Required by the French Commercial Code to state his intentions regarding beleaguered marketing services group Havas, corporate raider Vincent Bolloré remains as vague as the law will allow - which in France is on the fuzzy side of nebulous.
In little more than a few weeks, he has built a 22.6% stake in Havas, making him its largest shareholder. In a formal statement to the Commission des Opérations de Bourse (the French stock market authority) he reveals rather less than a Boston belly-dancer: the Groupe Bolloré and its Financiere du Loch unit have no "immediate" intention of attempting to take control of Havas, he states.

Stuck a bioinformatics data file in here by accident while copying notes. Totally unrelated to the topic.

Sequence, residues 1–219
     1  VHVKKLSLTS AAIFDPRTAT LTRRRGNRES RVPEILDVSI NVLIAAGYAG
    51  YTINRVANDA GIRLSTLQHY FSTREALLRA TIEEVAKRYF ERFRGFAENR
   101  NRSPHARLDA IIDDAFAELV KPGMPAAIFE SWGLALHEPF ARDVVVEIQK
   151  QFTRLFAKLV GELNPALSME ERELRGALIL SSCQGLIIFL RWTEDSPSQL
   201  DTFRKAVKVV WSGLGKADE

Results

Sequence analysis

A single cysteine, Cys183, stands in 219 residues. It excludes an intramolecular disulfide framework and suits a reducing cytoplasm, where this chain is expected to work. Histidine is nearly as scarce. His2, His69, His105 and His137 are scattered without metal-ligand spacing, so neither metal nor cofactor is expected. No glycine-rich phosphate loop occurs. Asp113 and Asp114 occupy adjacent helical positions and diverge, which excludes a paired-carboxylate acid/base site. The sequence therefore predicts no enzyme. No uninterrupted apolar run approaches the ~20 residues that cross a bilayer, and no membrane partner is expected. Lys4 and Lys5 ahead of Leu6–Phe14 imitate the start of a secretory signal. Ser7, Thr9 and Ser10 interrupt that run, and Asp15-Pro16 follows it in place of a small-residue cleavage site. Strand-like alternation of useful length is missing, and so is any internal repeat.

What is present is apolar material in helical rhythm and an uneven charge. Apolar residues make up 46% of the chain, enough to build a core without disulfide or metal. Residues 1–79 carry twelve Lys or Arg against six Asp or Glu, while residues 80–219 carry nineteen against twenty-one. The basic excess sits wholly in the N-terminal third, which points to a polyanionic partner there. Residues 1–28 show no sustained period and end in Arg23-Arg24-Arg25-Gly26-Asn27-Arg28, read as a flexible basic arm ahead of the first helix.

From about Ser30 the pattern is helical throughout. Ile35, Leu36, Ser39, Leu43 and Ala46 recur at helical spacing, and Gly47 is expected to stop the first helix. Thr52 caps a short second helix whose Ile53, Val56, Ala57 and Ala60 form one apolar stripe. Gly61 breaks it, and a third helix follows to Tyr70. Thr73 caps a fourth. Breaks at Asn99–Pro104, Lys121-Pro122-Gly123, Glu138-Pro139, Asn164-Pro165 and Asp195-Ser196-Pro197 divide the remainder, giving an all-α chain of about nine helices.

On the other hand, Bolloré "reserves the right to buy or sell Havas shares in accordance with market opportunities and the 'evolution of relationships' with Havas management".
But he did commit himself to one thing: he wants representation on the Havas board for "several" of his nominated directors.
With admirable Gallic flexibility, French law accords Bolloré's statement the legality of a declaration of intent for the upcoming twelve months - but commits him to zilch. At the same time, however, it permits him to reserve the right to modify the terms of his declaration.
D'autre part ...
Data sourced from AdWeek (USA); additional content by WARC staff